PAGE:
But it is a good question. Knowing what we all know now, what are the best options for formula these days? Please add your advice in the comments below. I'll add my research and summarize when I get back. Thanks!

canning

At the end of last summer, I wished I had tried to can more produce, to try and preserve some of the amazingly yummy things from the farmer's market. Thing is, canning scares me. I've made jam but that is about it. Now each week when I see the quarts and quarts of sweet blueberries I think, "I should buy extra to preserve them" but I panic and procrastinate.

Imagine my excitement when I stumbled upon a slew of articles and photo slide shows on the New York Times website. I'm still going through all the material and loving every minute of it. (There's a slide show of "Canning, step by step" and a video called, "Checking the seal".

I also have signed up for a canning class in August at the Studio for Urban Projects with a very talented local chef.

Who knows? Maybe after reading all the information in the article I'll give canning a whirl before my class starts!

June 17, 2009

earth baby


New parents are always faced with the decision of which kind of diapers to use. Considerations of the environment, convenience and lifestyle are obvious factors.

My kids are out of diapers now, but I was nonetheless really intrigued by a new choice in the mix: a compostable diaper service.

Earth Baby serves the San Francisco Bay Area, with the aim to eliminate disposable diapers and wipes from landfills. The company was started by 3 local families, who "are dedicated to providing our customers with compostable diapers and wipes that equal the name-brand disposables in every way: comfort, absorbency, fit, appearance and most importantly, convenience. In addition, we are committed to responsibly composting, reusing or recycling everything we sell."

They claim to have the most environmentally responsible diapering solution available today. Earth Baby provides compostable diapers and wipes and later picks up the soiled items and composts them in their own special composting piles.

I would have loved to been able to try Earth Baby when my kids were in diapers. You know, sometimes to solve big problems you have to think up a whole new approach, and I really respect that they have brought a new option to the market.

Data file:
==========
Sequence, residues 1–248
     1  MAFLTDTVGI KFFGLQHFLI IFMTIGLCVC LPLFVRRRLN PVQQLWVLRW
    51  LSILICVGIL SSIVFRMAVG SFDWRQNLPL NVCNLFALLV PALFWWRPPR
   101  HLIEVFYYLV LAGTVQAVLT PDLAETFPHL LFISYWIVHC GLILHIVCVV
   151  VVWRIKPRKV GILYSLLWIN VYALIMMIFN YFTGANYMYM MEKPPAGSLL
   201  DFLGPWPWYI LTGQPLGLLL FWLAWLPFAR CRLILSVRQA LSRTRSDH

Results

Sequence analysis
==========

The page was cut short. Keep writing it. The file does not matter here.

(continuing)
June 15, 2009

poor old water heater

It was a lucky thing that we decided to go out to dinner Sunday night. If we hadn't walked down to the garage, we may never have seen the river of water flowing from our water heater through our garage and out into the street.

I've always had it on my list to research tankless water heaters, but suddenly the choice was thrust upon me. If we wanted to try one, now might be the time to do it.

I spent the day today talking with plumbers, researching online. I still am not clear on the entire breadth of tankless water heater solutions, but I am clear enough to decide what we will install.

It went something like this:

Traditional plumber is wary of using tankless in our situation. It will require lots of new pipes (flue, water, gas, etc.), a longer install time and higher labor costs. Plus, he's skeptical the heater will provide for our 3 bathroom home.

Tankless expert claims they have heaters that will work very well in our home and have a way to install very simply and quickly (next day, just like the traditional guy!) Cost is almost 8 times more.

Needless to say, at this juncture we just need to go with the more affordable solution. There are many variables to choosing the right tankless system, and I hope we can do it someday.

Everyone I spoke agreed tankless water heaters are the way of the future. I wish I could afford to make the leap right now. There are federal tax rebates available for systems installed this year. Not to mention the savings to your utility bill (some claim your gas usage should drop by 30-40%)!

For the record, I'm not trying to talk anyone out of buying a tankless water heater. I'm only acknowledging that at this critical moment (I really do need to take a shower) it is out of my budget. Feel free to leave a comment on any experiences or research you've done on them. It will come in handy when I am finally in a position to make the switch.

June 11, 2009

save the parks!


Wherever you live, you've probably heard about the huge budget mess in California. I won't pretend I have any ideas on how to fix it. Of course there will be tough choices and painful cutbacks. But closing all our state parks just seems like a bad idea.